My style comes out of the Aboriginal style. There are patterns that go down eons into the ground and they come up and show themselves; it’s not so much a geographical map, but a map of the patterns of the stories that sit underneath. of the patterns of the stories that sit underneath. So I use that to some degree, but I also use perspective, and while I will have that pattern look, there will still be sky. The process shifts backwards and forwards; that’s been a part of the process of learning about myself as an Aboriginal person and painting out of that.
Thus does Glenn Loughrey describe his art; not only his art, but the depth of thought that goes into each of his works.
How did he discover his talent for art? In 2012 Glenn had been to Borneo with students of a school where he was working. They had walked the Sandakan to Ranau Death March (on which 2345 Australians perished at the end of WWII, only six escapees surviving). He’d written some poetry for the walk organisers and was asked by them if he could do some sketches. Never having done a drawing in his life, Glenn did so and with some trepidation took them to the school Arts teacher. Her response was encouraging: “You should paint. I like your lines. Get a big piece of white canvas and start to fill it. And keep on doing that until you find your practice. And then, practise your practice”.
“And that’s what I did,” says Glenn. “Though what I did then is very different from what became my style. What I do now is a part of my discovery of art and my growing into my Aboriginality”.
He was a recent finalist in the richest art portrait prize in Australia – The Doug Moran Portrait Art Prize. His entry entitled Exile – A Self Portrait of the Artist as an Indigenous Man was selected as one of the 30 finalists out of almost 1200 entries Australia wide.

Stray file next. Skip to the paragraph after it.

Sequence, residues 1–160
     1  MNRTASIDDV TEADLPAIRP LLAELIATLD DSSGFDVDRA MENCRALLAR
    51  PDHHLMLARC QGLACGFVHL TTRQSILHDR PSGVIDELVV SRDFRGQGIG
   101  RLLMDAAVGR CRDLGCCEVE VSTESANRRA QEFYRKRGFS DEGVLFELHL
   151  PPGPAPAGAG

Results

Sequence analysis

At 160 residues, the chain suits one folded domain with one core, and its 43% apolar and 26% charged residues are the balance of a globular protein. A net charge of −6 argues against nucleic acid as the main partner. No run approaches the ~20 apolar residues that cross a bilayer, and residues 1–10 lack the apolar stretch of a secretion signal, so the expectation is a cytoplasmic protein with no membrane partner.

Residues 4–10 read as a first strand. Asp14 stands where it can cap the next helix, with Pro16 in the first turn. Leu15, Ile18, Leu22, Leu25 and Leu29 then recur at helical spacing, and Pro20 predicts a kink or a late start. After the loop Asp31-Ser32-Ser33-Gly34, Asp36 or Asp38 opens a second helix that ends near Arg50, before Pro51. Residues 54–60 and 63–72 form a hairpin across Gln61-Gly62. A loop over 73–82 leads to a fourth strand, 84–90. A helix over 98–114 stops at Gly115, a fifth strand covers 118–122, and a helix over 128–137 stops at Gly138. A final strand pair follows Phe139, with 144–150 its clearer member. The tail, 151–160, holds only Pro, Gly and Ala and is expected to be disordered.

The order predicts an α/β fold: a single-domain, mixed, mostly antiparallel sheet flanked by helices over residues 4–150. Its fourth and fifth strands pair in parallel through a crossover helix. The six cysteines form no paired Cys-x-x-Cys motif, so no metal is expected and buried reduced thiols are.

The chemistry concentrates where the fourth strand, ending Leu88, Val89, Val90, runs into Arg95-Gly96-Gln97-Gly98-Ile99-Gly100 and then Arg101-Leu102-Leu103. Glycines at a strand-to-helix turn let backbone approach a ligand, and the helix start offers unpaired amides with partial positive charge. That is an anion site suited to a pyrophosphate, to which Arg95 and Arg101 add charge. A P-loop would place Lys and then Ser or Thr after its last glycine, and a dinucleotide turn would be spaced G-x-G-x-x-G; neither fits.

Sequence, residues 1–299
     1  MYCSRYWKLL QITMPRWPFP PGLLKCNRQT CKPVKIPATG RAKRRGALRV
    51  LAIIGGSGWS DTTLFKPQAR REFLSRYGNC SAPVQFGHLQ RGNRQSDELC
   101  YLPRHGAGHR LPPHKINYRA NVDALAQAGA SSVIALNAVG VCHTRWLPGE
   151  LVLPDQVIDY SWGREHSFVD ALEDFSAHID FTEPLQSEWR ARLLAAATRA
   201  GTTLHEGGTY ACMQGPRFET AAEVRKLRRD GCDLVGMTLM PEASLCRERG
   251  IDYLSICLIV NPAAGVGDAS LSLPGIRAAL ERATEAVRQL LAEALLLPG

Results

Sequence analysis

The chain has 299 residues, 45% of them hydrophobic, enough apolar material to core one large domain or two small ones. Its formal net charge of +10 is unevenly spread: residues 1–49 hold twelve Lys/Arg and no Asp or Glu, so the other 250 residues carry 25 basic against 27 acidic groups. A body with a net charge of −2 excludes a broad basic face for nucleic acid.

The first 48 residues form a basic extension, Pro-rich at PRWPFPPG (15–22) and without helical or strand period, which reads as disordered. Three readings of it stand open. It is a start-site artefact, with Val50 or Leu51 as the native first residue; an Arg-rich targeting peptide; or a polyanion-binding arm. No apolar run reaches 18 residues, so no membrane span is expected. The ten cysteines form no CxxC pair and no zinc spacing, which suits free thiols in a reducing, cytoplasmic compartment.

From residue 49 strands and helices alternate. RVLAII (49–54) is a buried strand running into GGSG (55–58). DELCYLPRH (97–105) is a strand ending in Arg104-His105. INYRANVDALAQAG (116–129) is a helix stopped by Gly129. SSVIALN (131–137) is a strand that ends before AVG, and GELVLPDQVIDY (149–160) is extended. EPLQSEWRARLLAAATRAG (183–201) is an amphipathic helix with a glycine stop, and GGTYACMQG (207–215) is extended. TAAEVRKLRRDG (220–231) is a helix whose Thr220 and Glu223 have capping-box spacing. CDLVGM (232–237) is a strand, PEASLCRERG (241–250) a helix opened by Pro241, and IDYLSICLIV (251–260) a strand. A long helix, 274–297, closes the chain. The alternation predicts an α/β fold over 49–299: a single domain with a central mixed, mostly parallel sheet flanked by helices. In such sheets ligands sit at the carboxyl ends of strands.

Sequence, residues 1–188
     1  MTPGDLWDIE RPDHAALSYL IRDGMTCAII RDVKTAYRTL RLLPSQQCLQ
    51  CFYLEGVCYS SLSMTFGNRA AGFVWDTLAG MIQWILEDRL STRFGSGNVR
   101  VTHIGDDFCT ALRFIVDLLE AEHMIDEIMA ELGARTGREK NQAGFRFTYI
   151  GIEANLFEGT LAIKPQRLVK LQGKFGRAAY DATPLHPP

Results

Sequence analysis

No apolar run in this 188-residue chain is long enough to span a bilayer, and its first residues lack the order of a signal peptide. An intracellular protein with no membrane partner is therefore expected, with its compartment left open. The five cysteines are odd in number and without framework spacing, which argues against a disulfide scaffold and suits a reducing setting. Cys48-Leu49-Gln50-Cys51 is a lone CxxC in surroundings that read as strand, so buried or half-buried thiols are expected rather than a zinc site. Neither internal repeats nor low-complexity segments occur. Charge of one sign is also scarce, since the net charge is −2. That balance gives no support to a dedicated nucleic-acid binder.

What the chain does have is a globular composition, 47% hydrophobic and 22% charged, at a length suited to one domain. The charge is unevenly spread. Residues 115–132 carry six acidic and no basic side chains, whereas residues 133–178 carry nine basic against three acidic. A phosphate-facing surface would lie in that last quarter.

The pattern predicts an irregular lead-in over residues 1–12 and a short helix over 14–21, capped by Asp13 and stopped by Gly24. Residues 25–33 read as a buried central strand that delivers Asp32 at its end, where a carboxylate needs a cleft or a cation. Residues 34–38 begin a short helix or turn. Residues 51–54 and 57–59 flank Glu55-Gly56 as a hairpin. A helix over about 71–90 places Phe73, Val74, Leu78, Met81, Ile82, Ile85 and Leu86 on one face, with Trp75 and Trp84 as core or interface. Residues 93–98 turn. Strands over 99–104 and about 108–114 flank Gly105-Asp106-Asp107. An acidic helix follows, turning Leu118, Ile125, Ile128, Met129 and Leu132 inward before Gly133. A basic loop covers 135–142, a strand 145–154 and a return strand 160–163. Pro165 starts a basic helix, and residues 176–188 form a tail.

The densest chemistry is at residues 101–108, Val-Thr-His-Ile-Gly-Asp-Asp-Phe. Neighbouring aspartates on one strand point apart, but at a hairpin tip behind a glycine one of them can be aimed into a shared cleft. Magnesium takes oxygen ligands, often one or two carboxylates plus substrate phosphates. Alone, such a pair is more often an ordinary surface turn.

It is the story of Glenn, an indigenous man born into a family which, as a result of their history and the annihilation of Aboriginal people in and around Mudgee NSW, sought to assimilate into Australian society. The painting depicts the fear and anger of that place and the deep sense of isolation experienced on a day-to-day basis. Placed in the centre behind a screen is the face of the outsider who cannot walk at ease in the country of his ancestors or the country his family sought to become one with.
Aboriginal culture has a sense of what is called “Deep Listening” – just sitting on the ground and listening to what comes from it. Glenn explains: “As a farmer, my father used to tell me ‘Walk your country and it will tell you what it needs – what you need to do’. There is this deep sense of listening ‘down’, and what’s underneath spreads out as a whole story, as a pattern; those stories sit on each other. Unlike European thinking, with stories stacked upon each other in libraries/computer files etc., Aboriginal people think downward and outward; and that’s part of what I do”.
Passionate about sharing the Aboriginal experience in Australian culture, Glenn has recently submitted Caterpillars, Wild Dogs and Wide Open Space (see picture) to the Albany Art Prize to be held in April this year and is also preparing a new painting for the Telstra Aboriginal Awards. He has been the vicar at St Oswald’s Anglican Church, Glen Iris since 2015, and you can see more of his work hanging in the church.